Posts from the ‘Corsair’ Category

Phil’s Favorite American Craft Whiskeys

There is no section of my local liquor store expanding quite so rapidly as American craft whiskey.  New distilleries seem to be emerging every day, as do new whiskeys.  I have to admit that I have not been impressed with all of it, but I have really enjoyed some of the craft whiskeys released in the United States over the last few years.

For the purposes of this series, some of these whiskeys could be included in different categories (i.e. Dad’s Hat is also a rye whiskey in addition to being a craft whiskey), but I stated at the beginning that each whiskey could only receive one nomination, so that is why each of these whiskeys appears here as opposed to on another list.  So, here are the nominees for American Craft Whiskey:

Name: Balcones “1” Texas Single Malt

Distillery: Balcones

Batch: SM 12-9

Age: No Age Statement

Proof: 106 (53% abv)

Price: $70-80/750ml

Notes: This was one of the first batches of Texas Single Malt released, and it did not disappoint.  This whiskey elicited rich banana bread notes, a nutty sweetness, and a rich berry creaminess.  This whiskey really worked to forge a new style all its own, and it worked beautifully.  The only caveat to this nomination is that I have tried a few successive batches of this whiskey that I have not liked nearly as much as I liked this first batch.  That said, this particular batch was brilliant whiskey.  “1” Texas Single Malt is available on a limited basis the further one gets from Texas.

Name: Corsair Triple Smoke

Distillery: Corsair Artisan Distillery

Batch: 84

Age: No Age Statement

Proof: 80 (40% abv)

Price: $45-50/750ml

Notes: This whiskey is a blend of three different malted barley samples, one smoked over cherry wood, one smoked over peat, and one smoked over beechwood.  The resulting whiskey is a unique take on smoked malt whiskey, yielding flavors of fiery peat, sweet barley, and freshly cut oak.  This is definitely a young whiskey that is a little rough around the edges, but the flavors are unique and they are bursting out of the bottle.  This is a hard whiskey to find, but if you do, it’s worth a try.  They are not too many like this one floating around.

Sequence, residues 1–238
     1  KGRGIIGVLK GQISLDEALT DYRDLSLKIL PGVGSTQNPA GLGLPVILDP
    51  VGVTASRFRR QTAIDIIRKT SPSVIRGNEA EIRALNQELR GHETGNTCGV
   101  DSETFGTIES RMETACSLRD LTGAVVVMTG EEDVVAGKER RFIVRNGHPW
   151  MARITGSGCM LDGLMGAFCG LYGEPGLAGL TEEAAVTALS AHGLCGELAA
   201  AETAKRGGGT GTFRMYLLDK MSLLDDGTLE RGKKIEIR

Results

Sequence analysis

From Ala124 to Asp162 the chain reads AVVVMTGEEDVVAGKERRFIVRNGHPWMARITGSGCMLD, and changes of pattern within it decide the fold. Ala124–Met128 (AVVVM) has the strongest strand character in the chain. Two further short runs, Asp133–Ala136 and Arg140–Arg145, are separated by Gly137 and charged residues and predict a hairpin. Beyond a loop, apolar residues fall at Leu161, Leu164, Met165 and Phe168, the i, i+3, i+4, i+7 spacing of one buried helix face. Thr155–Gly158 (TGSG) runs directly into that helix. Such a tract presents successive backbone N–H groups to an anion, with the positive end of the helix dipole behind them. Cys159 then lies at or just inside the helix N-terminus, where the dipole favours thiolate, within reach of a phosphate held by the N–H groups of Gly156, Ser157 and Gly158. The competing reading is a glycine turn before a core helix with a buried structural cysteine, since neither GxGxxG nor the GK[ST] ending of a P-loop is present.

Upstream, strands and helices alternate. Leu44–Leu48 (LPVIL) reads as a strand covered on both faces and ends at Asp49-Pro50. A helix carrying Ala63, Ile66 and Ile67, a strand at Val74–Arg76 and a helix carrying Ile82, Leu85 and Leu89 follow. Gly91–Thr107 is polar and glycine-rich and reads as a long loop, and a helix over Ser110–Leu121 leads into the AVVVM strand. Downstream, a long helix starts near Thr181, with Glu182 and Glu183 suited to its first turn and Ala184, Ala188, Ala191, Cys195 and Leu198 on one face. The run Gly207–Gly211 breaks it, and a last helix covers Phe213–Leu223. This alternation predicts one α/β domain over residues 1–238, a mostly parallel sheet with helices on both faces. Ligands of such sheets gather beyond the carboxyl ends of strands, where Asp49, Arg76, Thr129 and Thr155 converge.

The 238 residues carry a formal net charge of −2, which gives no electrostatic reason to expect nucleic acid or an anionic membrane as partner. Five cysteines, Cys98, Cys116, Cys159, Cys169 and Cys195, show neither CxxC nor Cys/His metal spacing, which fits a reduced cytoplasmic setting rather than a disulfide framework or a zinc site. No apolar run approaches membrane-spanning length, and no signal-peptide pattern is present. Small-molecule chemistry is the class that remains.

Name: Dad’s Hat Pennsylvania Rye

Distillery: Mountain Laurel Spirits

Batch: N/A

Age: 6 months

Proof: 90 (45% abv)

Price: $35-40/750ml

Notes: This rye is made in the authentic Pennsylvania style, meaning that corn is not included in the mashbill as found in Kentucky ryes.  Dad’s Hat is then aged in new oak quarter casks for a minimum of 6 months.  You would probably think that after only 6 months, this whiskey would be hot and brash, but it is nothing of the sort.  Even at its young age, this is a quality whiskey, with cocoa dust, rich black cherries, fresh oak shavings, and white chocolate.  This is one of those whiskeys that is really good and gets you really excited about tasting such a well-made spirit at an older age (Dad’s Hat will be rolling out a 3 year-old rye this spring).  This whiskey was awarded “Craft Whiskey of the Year” by Whisky Advocate magazine for good reason.  It is widely available in the mid-Atlantic, but gets harder to find the further one is from Pennsylvania.

Name: High West Campfire

Distillery: Midwest Grain Products/Unnamed Scottish Distilleries – Blended and Bottled at High West

Batch: N/A

Age: 5 Years

Proof: 92 (46% abv)

Price: $40-45/750ml

Notes: I had trouble decided whether or not High West belonged in the American Craft Whiskey category or not, but as they were undoubtedly one of the pioneers of the American craft movement, I have included their whiskeys here.  This particular whiskey is a blend of a rye whiskey, a bourbon, and a peated blended malt Scotch from an undisclosed source.  The result is something both unique and special.  Sweet flavors such as caramel, honey, and vanilla are present, as are herbal flavors like pine and juniper.  All these flavors are accented wonderfully by a twinge of rolling smoke.  This whiskey is widely available; you can find it in almost any liquor store where High West products are sold.